Articles filed under Impact on Bats

Wind turbine pressure change kills bats, research may help prevent future deaths

Miles away, wind turbines sat motionless in the windless night. Their spinning blades can be deadly to bats, bursting capillaries in their lungs before the blades hit their tiny bodies. Three Wyoming bats are particularly susceptible when they migrate from summer to winter ranges. Keinath and Abernethy were looking for bats to tell them which, if any, species called the area home.
30 Oct 2012

Bat-Taking Permits, An open letter to Vermont's Agency of Natural Resources

These bat species are far more important than First Wind's profits. There's presently a glut of generation in New England and First Wind's intermittent power does nothing more than add to the surplus on the grid. ...First Wind agreed to curtailment during low wind speeds at certain temperatures and now seems to be complaining that such curtailment won't be profitable. Too bad for them.
8 Aug 2012

Wind turbines may halve bat activity

The research, funded by the Leverhulme Trust, involved halting microturbine movement at 20 sites across the UK and examining the effect on bird and bat activity. Bird activity was not significantly affected but bat activity was 54% lower in close proximity to operating turbines.
31 Jul 2012

Bats & blades: More research needed on bat, wind farm fatalities

Laura Ellison is an ecologist with the U.S. Geological Survey in Fort Collins, Colorado, who has spent the last 20 years studying bats and other small mammals. Earlier this month she presented on the bat and wind farm issue at the North America Congress for Conservation Biology. "The newer, larger turbines seem to be worse for bats," Ellison said.
30 Jul 2012

White-nose syndrome spreads west

Scientists have discovered that the fungus exists in Europe but bats there seem to be unaffected by it, possibly because they have been exposed to it for a longer time and have developed an immunity, explains Kilpatrick. White nose appears to sicken bats while they are in caves because their immunity is suppressed during hibernation, he said.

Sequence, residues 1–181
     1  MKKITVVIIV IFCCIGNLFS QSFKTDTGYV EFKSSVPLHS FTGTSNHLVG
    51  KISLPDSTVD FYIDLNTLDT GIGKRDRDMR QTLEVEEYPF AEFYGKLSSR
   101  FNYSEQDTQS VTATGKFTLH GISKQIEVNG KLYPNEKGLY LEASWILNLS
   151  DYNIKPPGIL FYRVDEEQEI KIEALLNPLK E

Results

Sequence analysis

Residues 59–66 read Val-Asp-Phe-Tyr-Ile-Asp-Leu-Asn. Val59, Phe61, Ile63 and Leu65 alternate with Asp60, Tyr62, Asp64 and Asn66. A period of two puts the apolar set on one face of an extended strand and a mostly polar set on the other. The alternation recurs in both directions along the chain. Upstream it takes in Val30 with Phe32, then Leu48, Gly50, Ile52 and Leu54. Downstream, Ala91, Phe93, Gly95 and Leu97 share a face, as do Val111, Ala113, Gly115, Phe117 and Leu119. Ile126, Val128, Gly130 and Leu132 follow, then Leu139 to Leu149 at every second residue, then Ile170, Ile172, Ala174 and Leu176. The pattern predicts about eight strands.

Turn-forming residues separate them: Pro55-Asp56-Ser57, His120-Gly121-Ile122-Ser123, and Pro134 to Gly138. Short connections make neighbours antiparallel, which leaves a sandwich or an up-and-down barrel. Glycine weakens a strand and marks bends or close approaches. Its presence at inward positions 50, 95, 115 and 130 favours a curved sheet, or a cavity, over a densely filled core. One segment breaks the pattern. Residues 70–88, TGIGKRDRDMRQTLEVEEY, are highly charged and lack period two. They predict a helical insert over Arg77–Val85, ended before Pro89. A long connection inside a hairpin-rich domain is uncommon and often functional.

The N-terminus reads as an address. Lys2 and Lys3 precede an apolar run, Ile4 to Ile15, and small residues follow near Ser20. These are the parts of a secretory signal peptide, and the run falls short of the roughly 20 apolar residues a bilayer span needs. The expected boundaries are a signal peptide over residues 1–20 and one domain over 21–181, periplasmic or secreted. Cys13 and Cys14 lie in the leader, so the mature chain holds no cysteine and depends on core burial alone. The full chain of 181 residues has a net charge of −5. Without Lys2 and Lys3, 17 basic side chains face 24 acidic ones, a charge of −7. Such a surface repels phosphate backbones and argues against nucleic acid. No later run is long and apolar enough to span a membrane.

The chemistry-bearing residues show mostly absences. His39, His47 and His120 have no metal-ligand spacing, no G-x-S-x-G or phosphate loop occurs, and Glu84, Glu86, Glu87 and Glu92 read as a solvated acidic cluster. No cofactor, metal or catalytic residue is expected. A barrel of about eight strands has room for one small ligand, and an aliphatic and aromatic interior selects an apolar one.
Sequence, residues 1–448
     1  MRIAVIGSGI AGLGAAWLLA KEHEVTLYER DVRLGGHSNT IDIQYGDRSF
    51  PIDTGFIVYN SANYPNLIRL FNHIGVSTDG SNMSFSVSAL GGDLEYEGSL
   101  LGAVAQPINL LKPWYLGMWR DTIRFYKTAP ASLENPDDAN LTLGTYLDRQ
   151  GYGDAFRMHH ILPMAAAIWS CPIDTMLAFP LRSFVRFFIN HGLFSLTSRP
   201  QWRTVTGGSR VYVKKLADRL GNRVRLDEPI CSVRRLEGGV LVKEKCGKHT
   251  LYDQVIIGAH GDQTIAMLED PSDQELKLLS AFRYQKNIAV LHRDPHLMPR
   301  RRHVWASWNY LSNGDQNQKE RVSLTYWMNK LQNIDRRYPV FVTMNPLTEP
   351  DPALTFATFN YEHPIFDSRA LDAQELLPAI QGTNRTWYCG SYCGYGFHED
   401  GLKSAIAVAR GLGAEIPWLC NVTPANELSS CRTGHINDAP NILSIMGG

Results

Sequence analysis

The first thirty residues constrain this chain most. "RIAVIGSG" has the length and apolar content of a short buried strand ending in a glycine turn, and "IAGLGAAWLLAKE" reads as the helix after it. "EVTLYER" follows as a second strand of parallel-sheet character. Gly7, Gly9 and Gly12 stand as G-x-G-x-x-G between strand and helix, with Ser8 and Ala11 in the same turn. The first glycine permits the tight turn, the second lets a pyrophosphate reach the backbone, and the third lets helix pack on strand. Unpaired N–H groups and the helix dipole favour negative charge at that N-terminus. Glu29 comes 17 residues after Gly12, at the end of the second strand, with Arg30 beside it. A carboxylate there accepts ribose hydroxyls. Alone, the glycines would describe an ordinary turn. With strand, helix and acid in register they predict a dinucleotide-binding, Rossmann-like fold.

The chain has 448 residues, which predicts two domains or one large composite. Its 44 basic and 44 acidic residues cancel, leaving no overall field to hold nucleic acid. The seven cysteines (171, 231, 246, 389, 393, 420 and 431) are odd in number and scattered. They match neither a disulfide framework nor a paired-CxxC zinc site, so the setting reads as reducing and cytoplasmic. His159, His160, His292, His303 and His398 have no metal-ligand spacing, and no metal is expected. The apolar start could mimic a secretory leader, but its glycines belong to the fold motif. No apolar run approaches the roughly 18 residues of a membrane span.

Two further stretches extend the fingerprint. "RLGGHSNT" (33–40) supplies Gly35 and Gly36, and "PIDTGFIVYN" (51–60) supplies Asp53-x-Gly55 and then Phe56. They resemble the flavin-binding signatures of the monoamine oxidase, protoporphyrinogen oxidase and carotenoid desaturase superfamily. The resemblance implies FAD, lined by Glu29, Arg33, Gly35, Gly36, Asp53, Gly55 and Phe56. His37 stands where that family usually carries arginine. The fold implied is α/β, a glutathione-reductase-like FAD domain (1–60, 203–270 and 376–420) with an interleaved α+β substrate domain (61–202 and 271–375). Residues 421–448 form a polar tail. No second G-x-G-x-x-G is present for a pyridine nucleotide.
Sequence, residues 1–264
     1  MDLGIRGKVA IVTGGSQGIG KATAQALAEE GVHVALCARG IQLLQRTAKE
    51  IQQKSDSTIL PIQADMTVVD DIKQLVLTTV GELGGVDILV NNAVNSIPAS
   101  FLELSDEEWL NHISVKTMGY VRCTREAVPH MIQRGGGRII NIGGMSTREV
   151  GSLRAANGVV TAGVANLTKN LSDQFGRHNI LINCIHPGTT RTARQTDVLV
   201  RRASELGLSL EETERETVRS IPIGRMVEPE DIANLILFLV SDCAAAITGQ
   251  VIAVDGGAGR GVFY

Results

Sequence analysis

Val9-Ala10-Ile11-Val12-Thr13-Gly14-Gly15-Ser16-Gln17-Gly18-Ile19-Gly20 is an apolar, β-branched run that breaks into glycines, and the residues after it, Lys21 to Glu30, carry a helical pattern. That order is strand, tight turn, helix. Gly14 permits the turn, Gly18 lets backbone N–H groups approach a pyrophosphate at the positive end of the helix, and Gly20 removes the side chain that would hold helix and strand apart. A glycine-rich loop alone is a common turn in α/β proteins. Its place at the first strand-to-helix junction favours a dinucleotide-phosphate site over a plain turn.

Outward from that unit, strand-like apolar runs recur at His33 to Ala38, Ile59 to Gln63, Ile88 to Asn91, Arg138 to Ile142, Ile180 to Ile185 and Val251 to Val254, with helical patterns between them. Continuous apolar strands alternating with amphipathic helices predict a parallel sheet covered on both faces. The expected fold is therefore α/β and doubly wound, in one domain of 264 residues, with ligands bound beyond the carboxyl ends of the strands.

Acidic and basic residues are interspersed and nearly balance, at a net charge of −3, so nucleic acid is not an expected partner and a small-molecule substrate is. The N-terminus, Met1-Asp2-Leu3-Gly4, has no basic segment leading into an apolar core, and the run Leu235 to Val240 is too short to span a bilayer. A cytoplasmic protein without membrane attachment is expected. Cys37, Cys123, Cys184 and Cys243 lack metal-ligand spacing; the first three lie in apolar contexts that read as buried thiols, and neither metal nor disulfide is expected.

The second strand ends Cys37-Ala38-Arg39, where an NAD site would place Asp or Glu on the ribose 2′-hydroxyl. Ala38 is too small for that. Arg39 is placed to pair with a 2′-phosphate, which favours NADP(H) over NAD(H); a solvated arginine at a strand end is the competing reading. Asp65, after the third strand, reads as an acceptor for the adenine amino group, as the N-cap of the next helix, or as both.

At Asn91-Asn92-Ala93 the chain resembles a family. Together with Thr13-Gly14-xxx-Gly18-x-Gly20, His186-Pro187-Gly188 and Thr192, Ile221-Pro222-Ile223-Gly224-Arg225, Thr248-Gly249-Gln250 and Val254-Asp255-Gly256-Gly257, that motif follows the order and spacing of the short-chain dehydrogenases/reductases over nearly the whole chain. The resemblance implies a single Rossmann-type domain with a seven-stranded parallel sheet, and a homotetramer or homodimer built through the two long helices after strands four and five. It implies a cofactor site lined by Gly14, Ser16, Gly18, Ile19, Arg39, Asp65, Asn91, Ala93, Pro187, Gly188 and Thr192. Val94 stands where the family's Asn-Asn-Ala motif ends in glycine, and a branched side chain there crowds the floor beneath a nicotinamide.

26 Jul 2012

Sheffield Wind files for bat permit, conducts study

Sheffield Wind, whose 16-turbine, 40-megawatt utility scale project in the Northeast Kingdom went on line last fall, has filed for the permit because a fungus has decimated Vermont bat populations and placed them on the endangered or threatened species list. "White-nose syndrome" has caused mortality of more than 90 percent of the population of little brown and long-eared bats in the state.
26 Jul 2012

German wind farms can kill bats from near and far, research suggests

Previous studies have already highlighted that more than 200,000 bats are killed each year by German wind turbines. Researchers are convinced that such high mortality rates may not be sustainable ...Voigt calls for stronger legislative agreements. The large-scale development of wind farms throughout Germany may have negative consequences for even remote ecosystems in northeastern Europe.
3 Jul 2012

Fixing wind power's bat problem

A fungal infection known as white-nose syndrome has killed at least 6 million bats in North America since it was discovered six years ago; some species, such as the Indiana bat and the gray bat, may go extinct as a result. The economic impact of losing so many insect-eating animals is staggering: A study published in Science last year estimated that bat deaths could lead to annual agricultural losses in North America of more than US $3.7 billion.
28 Jun 2012

The trouble with turbines: An ill wind

But the concern is that turbines threaten species that are already struggling, such as bats, which in North America have been hit hard by white-nose fungus. Another vulnerable group is raptors, which are slow to reproduce and favour the wind corridors that energy companies covet. “There are species of birds that are getting killed by wind turbines that do not get killed by autos, windows or buildings,” says Shawn Smallwood ...Smallwood has found that Altamont blades slay an average of 65 golden eagles a year. “We could lose eagles in this country if we keep on doing this,” he says.
20 Jun 2012
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